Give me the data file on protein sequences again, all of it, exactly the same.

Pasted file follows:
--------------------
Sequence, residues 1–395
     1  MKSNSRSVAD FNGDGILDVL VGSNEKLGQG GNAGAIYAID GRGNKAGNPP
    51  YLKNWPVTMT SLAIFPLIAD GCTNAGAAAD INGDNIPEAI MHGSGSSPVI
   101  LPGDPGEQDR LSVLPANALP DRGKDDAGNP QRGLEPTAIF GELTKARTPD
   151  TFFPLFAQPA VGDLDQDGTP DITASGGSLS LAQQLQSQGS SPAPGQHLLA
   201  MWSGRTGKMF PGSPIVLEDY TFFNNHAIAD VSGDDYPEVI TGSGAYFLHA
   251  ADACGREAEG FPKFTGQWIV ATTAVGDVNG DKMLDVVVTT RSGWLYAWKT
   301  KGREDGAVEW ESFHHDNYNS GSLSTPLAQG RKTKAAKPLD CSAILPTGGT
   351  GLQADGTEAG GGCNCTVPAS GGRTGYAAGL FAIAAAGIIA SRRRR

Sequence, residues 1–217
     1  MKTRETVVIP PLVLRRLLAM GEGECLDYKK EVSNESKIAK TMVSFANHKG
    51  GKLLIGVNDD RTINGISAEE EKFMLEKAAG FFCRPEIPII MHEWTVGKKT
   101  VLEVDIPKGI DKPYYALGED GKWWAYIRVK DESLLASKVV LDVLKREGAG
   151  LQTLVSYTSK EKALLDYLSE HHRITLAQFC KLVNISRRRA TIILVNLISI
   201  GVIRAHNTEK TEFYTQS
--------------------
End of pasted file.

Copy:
Sequence, residues 1–395
     1  MKSNSRSVAD FNGDGILDVL VGSNEKLGQG GNAGAIYAID GRGNKAGNPP
    51  YLKNWPVTMT SLAIFPLIAD GCTNAGAAAD INGDNIPEAI MHGSGSSPVI
   101  LPGDPGEQDR LSVLPANALP DRGKDDAGNP QRGLEPTAIF GELTKARTPD
   151  TFFPLFAQPA VGDLDQDGTP DITASGGSLS LAQQLQSQGS SPAPGQHLLA
   201  MWSGRTGKMF PGSPIVLEDY TFFNNHAIAD VSGDDYPEVI TGSGAYFLHA
   251  ADACGREAEG FPKFTGQWIV ATTAVGDVNG DKMLDVVVTT RSGWLYAWKT
   301  KGREDGAVEW ESFHHDNYNS GSLSTPLAQG RKTKAAKPLD CSAILPTGGT
   351  GLQADGTEAG GGCNCTVPAS GGRTGYAAGL FAIAAAGIIA SRRRR

Sequence, residues 1–217
     1  MKTRETVVIP PLVLRRLLAM GEGECLDYKK EVSNESKIAK TMVSFANHKG
    51  GKLLIGVNDD RTINGISAEE EKFMLEKAAG FFCRPEIPII MHEWTVGKKT
   101  VLEVDIPKGI DKPYYALGED GKWWAYIRVK DESLLASKVV LDVLKREGAG
   151  LQTLVSYTSK EKALLDYLSE HHRITLAQFC KLVNISRRRA TIILVNLISI
   201  GVIRAHNTEK TEFYTQS